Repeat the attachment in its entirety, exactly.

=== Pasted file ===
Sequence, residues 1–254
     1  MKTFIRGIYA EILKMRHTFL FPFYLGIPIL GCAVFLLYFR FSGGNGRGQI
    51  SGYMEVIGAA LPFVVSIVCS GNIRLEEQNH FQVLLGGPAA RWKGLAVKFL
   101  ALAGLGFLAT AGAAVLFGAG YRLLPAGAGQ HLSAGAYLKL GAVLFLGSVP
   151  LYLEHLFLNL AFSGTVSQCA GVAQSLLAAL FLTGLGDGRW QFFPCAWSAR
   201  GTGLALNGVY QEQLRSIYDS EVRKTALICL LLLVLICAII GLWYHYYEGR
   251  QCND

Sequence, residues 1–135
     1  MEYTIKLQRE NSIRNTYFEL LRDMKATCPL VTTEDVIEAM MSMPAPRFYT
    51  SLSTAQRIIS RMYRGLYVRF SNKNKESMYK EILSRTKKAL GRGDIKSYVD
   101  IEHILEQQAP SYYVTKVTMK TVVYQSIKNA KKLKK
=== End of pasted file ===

Sequence, residues 1–254
     1  MKTFIRGIYA EILKMRHTFL FPFYLGIPIL GCAVFLLYFR FSGGNGRGQI
    51  SGYMEVIGAA LPFVVSIVCS GNIRLEEQNH FQVLLGGPAA RWKGLAVKFL
   101  ALAGLGFLAT AGAAVLFGAG YRLLPAGAGQ HLSAGAYLKL GAVLFLGSVP
   151  LYLEHLFLNL AFSGTVSQCA GVAQSLLAAL FLTGLGDGRW QFFPCAWSAR
   201  GTGLALNGVY QEQLRSIYDS EVRKTALICL LLLVLICAII GLWYHYYEGR
   251  QCND

Sequence, residues 1–135
     1  MEYTIKLQRE NSIRNTYFEL LRDMKATCPL VTTEDVIEAM MSMPAPRFYT
    51  SLSTAQRIIS RMYRGLYVRF SNKNKESMYK EILSRTKKAL GRGDIKSYVD
   101  IEHILEQQAP SYYVTKVTMK TVVYQSIKNA KKLKK